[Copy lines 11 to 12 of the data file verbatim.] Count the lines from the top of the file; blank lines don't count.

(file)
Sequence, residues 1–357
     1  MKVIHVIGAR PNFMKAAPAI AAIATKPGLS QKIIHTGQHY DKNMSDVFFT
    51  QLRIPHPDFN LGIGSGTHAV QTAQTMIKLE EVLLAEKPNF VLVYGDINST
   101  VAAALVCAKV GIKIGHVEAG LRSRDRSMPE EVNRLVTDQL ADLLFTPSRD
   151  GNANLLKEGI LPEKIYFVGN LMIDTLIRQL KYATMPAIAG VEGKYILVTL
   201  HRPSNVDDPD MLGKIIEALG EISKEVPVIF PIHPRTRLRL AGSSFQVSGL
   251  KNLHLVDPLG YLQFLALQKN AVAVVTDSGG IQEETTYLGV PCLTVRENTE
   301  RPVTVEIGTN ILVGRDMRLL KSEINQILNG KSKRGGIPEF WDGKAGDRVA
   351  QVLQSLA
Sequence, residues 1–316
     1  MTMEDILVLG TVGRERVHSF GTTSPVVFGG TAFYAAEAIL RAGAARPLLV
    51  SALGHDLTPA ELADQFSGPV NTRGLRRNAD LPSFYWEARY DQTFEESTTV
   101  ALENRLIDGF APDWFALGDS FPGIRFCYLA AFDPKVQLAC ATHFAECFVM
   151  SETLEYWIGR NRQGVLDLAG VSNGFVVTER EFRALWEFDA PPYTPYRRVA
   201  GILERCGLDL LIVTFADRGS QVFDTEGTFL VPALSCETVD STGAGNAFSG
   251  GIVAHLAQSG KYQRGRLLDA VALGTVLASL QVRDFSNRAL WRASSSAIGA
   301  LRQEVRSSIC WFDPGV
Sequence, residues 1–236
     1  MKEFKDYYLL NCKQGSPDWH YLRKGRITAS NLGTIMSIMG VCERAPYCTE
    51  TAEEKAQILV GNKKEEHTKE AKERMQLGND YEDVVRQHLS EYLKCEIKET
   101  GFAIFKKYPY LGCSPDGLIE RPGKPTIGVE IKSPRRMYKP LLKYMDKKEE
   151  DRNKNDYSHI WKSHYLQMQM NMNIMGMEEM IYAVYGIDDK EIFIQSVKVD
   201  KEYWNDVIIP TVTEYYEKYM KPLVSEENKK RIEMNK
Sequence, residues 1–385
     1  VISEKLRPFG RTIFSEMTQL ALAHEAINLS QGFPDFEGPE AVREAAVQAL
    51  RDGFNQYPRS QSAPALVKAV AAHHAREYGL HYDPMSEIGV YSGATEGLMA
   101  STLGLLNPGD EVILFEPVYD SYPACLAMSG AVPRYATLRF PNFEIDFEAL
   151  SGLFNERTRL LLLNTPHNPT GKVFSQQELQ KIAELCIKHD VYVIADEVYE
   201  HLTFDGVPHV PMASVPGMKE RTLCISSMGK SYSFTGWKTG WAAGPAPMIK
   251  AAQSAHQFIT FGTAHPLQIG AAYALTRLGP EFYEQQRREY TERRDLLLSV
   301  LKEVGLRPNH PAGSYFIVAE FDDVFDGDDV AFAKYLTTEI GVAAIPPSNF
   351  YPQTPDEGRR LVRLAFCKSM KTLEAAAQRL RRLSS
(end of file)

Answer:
     1  MTMEDILVLG TVGRERVHSF GTTSPVVFGG TAFYAAEAIL RAGAARPLLV
    51  SALGHDLTPA ELADQFSGPV NTRGLRRNAD LPSFYWEARY DQTFEESTTV